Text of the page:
Julian was a reactionary, and a deluded philosopher, a soldier whose tactics were not of the strongest; Gibbon’s perhaps surprising admiration was reserved for the emperor’s adversary, Athanasius, a Christian and a similarly deluded philosopher, but a tactician of genius. Just as Gibbon made hay with Julian’s neo-Platonic heathen mysticism, so he scorned, albeit with an astonishing degree of erudition, the Trinitarian orthodoxy promoted by Athanasius in his great dogmatic battle with Arius. Note, however, in his discussion of this defining moment in the history of the Christianity which he outwardly professed, how Gibbon emphasises how it was the political alliances that Athanasius and his followers struck up which guaranteed the triumph of their particular variety of ‘orthodoxy’, and how it had been the explicitly political failure of the Arians which had led, ultimately, to the perceived failure of their teachings. To Gibbon, plainly, both systems were equally far-fetched, but the one had triumphed over the other, and he himself had been ready, as a member of the House of Commons, to enforce orthodox subscription on clergymen when anti-dogmatic clergy had wanted a relaxation of subscription to the 39 Articles of the Church of England in the early 1770s. Gibbon was not inconsistent here; he wanted peace, and subscription provided such a formula for the peace of the Church, which was indissolubly linked with the State in the eighteenth century, just as it had been in those early centuries of which Gibbon would shortly prove himself to be the master. The last thing the eighteenth-century Church needed, in his view, was disputatious and largely meaningless wrangling over the Trinity, or the nature of the Godhead. The alliance between Church and State that subsisted in the eighteenth century was constantly in Gibbon’s mind when he wrote about the early Church, and the Church of the Middle Ages he so heartily disliked. Likewise, his historically sensitised dislike of fanaticism informed his sense of distance from the religious revivals of the eighteenth century, and the fanatical anti-Catholicism revealed during the Gordon Riots in 1781 deeply disturbed him, as he thought the rioters represented the ghosts of the fanatical puritans of the 1640s and 1650s: the distance between the seventeenth and eighteenth centuries is apparent in Gibbon’s reactions to the anti-Popery agitations of the 1780s. Religious enthusiasm represented two vices for Gibbon: it was politically and socially dangerous, and it was un-gentlemanly.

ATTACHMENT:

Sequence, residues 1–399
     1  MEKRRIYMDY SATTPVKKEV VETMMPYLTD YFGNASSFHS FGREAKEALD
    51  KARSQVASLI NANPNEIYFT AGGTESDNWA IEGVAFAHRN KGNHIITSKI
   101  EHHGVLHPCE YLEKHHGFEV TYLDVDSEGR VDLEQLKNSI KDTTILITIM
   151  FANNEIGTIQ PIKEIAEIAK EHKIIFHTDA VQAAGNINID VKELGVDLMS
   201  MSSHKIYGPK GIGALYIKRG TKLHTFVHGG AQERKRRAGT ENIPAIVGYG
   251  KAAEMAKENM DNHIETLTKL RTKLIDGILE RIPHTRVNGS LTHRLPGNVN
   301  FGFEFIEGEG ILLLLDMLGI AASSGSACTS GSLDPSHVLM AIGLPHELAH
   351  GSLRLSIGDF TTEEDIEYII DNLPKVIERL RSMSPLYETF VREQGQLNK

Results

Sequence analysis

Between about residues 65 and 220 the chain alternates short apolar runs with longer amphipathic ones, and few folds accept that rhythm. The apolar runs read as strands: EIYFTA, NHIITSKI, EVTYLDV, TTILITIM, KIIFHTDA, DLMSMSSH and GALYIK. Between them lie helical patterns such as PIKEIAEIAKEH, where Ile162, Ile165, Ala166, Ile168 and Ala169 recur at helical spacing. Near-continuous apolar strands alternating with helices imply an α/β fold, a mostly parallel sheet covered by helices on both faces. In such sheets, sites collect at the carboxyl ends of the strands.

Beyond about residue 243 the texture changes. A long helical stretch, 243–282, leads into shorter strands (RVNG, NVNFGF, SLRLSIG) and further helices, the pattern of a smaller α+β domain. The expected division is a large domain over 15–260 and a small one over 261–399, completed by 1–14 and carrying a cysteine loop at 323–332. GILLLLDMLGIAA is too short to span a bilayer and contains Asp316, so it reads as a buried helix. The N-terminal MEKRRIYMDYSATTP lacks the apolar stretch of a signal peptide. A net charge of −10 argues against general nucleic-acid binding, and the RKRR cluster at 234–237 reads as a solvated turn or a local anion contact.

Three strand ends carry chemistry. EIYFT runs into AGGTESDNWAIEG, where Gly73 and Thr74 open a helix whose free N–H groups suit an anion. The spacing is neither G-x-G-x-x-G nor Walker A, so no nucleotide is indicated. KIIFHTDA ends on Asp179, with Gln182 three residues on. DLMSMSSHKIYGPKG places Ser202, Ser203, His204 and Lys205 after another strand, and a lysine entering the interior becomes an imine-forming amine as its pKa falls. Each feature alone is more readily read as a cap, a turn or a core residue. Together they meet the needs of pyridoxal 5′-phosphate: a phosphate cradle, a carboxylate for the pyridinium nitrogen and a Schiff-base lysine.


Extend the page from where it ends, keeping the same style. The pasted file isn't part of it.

How compatible, then, was religion with being a gentleman for Gibbon? There is a wonderful footnote in the last volume of the Decline and Fall that helps clarify this. In this footnote to the sixty-sixth chapter of the Decline and Fall, Gibbon observed of a recently-published Vie de Petrarque that, ‘The abbé de Sade treats him with the most indulgence; but he is a gentleman as well as a priest.’ That lapidary conjunction (neither part of which applies to a later eighteenth-century bearer of the abbé’s noble name), centrally informs my analysis of Gibbon’s relations with the Christians of his own and all preceding ages: it was, for Gibbon, possible to be both a gentleman and a priest, but the history of the Church demonstrated that this was not as likely as he would otherwise have liked it to have been. What Gibbon raises in this pregnant footnote is a much more radical question than the one imputed to him by promoters of the usual clichés about his interpretative and experiential failings, and it is one that haunted his scholarly successors rather more than it had concerned his predecessors, or even many of his contemporaries: is it possible to be a scholar and a Christian? Here, I think, matters become much more questionable, and his examination of the uncertain basis on which the Church, both Catholic and Reformed, was built, both philosophically, and historically, was extremely compromising for the alleged veracity of Christianity. There is no need for me to detail this; it is a constant theme, played with many a variation (not all of which Bossuet would have approved), throughout the Decline and Fall.